Woody Allen: A Documentary by Robert B. Weide

Woody Allen: A Documentary by Robert B. Weide

If you ever owned a DVD of a Woody Allen movie, you will know that there are never any special features. There is probably no budget for a behind-the-scenes documentary crew following him around on his film shoots, heck, Woody Allen has said he does not even like the concept of special features. He even burns the deleted scenes after the film is completed.

Up till now, the only way to truly learn about Woody Allen’s process was through books. I own Conversations with Woody Allen by Eric Lax (who’s in the film as his biographer) and Woody Allen on Woody Allen: In Conversation with Stig Bjorkman, which both are all fine reads and great insights into Allen’s creative process. I knew most of his stories: his workman-like approach, his approach to casting, , .

The structure of the documentary is tailor-made to its subject and it really fits. It chronicles Allen’s life from his career transitions beginning from a young joke writer to stand-up comedian to a filmmaker. Much of Allen’s frequent collaborators and family are interviewed, including his sister, actors, co-writers, casting director and producers. Each film that he’s made is covered more or less but much more emphasis is placed on his creative phases: his early funny films, the transition with Annie Hall and the Diane Keaton era, the Mia Farrow era, Match Point and now the current European city phase. The behind-the-scenes section on the set of You Will Meet A Tall Dark Stranger where you see Allen rehearsing a scene with Naomi Watts and Josh Brolin in an argument scene was a real treat. Also, my top five favorite Woody films are all covered (Crimes and Misdemeanors, Stardust Memories, Everybody Says I Love You, Deconstructing Harry and Midnight in Paris), so I am a happy camper.

I had a dumb dream once where I met Wong Kar Wai and he took off his infamous sunglasses, looked me straight into the eye and spoke to me. I woke up realizing I saw Wong Kar Wai’s eyes in person and felt like I knew something deeper about him because I was in his presence.

That’s how this documentary made me feel. Despite that my previous knowledge, I didn’t know anything about Woody Allen in terms of a human being. The documentary offers that close proximity as we basically hang out with Woody Allen for 3 hours. We take a trip with Allen around New York visiting various locations like his cutting room, his old elementary school (which he hates), the jazz club (where he plays the clarinet every Monday) and the local cinema he used to frequent (inspired the idea for Purple Rose of Cairo) and we see the space of his own world and can visualize where the genesis of his ideas come from. One major highlight is when we’re in Allen’s actual home where he shows you his typewriter and takes out his notes for story ideas and reads out a few of them.

It’s an absorbing experience as we gain great insight into Allen as a human being and an artist. It totally makes up for the lack of special features for every Woody Allen DVD. A highly recommended experience for fellow Woody Allen fans.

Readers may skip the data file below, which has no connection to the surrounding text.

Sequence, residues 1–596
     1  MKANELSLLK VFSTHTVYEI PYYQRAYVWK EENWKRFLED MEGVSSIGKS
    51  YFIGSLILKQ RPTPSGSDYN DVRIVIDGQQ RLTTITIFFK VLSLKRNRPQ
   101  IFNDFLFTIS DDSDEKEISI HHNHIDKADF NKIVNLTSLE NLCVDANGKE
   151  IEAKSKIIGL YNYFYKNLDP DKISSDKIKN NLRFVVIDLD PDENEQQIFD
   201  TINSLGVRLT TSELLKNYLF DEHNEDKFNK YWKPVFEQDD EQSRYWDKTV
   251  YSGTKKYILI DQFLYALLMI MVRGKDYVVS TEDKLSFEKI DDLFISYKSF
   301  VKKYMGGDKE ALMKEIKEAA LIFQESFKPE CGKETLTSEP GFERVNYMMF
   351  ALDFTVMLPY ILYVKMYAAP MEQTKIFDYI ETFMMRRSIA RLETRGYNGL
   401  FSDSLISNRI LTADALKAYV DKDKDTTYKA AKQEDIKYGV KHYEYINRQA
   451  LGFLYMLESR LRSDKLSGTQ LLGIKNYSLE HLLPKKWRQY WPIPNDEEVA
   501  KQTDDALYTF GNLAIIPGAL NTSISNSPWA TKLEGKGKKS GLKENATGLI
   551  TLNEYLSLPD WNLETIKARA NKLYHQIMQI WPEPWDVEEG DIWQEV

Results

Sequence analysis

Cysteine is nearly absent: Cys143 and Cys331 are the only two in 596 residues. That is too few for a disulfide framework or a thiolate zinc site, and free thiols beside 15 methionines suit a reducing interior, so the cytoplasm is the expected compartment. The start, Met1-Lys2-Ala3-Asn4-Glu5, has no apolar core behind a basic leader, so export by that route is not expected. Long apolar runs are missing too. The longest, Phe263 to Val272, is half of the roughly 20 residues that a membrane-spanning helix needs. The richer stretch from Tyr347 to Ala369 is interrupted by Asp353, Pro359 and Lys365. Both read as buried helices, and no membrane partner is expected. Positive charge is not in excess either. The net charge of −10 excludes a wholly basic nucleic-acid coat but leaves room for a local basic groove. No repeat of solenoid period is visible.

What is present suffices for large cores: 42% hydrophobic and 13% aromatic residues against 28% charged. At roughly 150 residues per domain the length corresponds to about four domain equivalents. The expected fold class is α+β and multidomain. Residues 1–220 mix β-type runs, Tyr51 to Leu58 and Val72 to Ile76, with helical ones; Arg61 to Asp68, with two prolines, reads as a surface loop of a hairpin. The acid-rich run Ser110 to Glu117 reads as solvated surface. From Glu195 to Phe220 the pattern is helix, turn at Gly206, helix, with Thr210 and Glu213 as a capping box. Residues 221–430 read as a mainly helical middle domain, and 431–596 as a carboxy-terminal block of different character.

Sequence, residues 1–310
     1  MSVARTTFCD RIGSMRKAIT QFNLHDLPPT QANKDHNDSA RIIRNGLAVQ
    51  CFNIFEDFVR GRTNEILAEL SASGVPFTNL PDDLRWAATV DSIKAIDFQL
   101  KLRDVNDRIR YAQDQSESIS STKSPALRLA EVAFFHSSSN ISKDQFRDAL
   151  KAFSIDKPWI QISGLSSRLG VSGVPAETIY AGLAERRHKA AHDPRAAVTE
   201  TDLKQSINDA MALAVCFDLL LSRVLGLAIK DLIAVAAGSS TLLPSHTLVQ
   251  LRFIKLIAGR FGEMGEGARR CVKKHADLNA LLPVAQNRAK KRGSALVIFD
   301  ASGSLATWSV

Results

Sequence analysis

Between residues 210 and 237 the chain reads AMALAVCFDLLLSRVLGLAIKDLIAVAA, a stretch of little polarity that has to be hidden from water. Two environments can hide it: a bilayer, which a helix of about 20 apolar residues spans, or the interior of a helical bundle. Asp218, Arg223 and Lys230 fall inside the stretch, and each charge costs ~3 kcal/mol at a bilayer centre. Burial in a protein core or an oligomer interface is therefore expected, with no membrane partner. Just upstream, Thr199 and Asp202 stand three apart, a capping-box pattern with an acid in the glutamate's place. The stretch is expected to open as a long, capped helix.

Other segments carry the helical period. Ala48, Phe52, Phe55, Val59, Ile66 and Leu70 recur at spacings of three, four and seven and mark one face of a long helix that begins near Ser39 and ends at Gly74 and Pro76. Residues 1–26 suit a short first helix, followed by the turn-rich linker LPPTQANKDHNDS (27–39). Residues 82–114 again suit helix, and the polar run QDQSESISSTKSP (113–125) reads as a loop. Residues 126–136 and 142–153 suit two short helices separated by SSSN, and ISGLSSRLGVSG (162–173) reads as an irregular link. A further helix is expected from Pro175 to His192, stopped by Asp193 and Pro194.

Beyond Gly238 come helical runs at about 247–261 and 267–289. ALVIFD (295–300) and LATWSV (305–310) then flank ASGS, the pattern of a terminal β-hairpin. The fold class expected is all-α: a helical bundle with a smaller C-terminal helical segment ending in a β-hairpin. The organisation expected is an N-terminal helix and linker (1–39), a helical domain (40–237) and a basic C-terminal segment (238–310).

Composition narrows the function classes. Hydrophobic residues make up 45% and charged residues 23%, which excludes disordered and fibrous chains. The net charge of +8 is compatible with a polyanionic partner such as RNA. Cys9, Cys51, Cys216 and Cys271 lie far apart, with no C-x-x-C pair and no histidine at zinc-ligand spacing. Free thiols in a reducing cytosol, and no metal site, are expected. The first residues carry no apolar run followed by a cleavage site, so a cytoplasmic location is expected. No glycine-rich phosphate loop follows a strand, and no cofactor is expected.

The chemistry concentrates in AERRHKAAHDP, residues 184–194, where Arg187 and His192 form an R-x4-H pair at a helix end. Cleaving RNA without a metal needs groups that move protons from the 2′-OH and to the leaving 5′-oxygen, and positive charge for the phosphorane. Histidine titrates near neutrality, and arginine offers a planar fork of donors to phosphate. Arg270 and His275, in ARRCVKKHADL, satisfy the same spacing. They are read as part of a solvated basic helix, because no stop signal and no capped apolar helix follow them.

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Haywire by Steven Soderbergh

Haywire Movie Poster

Gina Carano holds her own as the lead and actually is the most interesting thing about the film. Along with how the fights are filmed, she brings much gravitas to the film. You never doubt her fighting ability for a second. And most importantly, we feel the pain of these fights. Even given that  she’s probably padded underneath her clothes and is pulling the punches, the force of the hits look real. Often, she is being knocked against objects, which cannot be faked. I’m all for more martial arts films filmed in this way.

Much of the film’s style takes from the Ocean’s 11 movies: the jazzy, snappy music plays along as people go inside and outside of buildings, scoping out an environment and hatching up plans. There is something very cinematic about seeing something being assembled (i.e. like a sniper rifle being assembled or a team of thieves hatching a plan for a heist). And there is nothing Steven Soderbergh likes more than filming people opening and closing briefcases or car trunks, picking up bags and moving along to some other place with a plan to do something.

I believe this Ocean’s 11 heist film style works against the film. It brings too much lightness, which is antithetical to the reality of the world that it is set in. And also the reality of what the fight scenes are bringing to the table. There is a really subtle moment where Gina Carano, escaping from capture, trips over and hurts herself. It’s a small moment that brings a lot of reality, A) she’s not invincible B) she makes mistakes. But all that ultimately is unbalanced because those other heist-like scenes are filmed too slick. It takes away the tension and the pain, and you feel that she will get away with it with the finger-snapping soundtrack playing in the background.

Oddly, all the thespians are sidetracked because they’re not really given anything interesting to do. The film seems to slow down when it’s just the actors as there is no real scenery-chewing to be done. I wish they would replace one or two of these actors with other real-life mixed martial artists so she would have someone challenging to fight with in the film. Like in Ong Bak (or what I call Look What Tony Jaa Can Do!), as many henchmen Tony Jaa took down, they still build up the end fight with another martial artist (the one on steroids, for those keeping track).

Though being a massive martial arts fan, I really look forward to seeing more of Gina Carano. If they ever make a live-action Wonder Woman movie, she would be the ideal choice. Heck, at one point in the movie, they even called her Wonder Woman.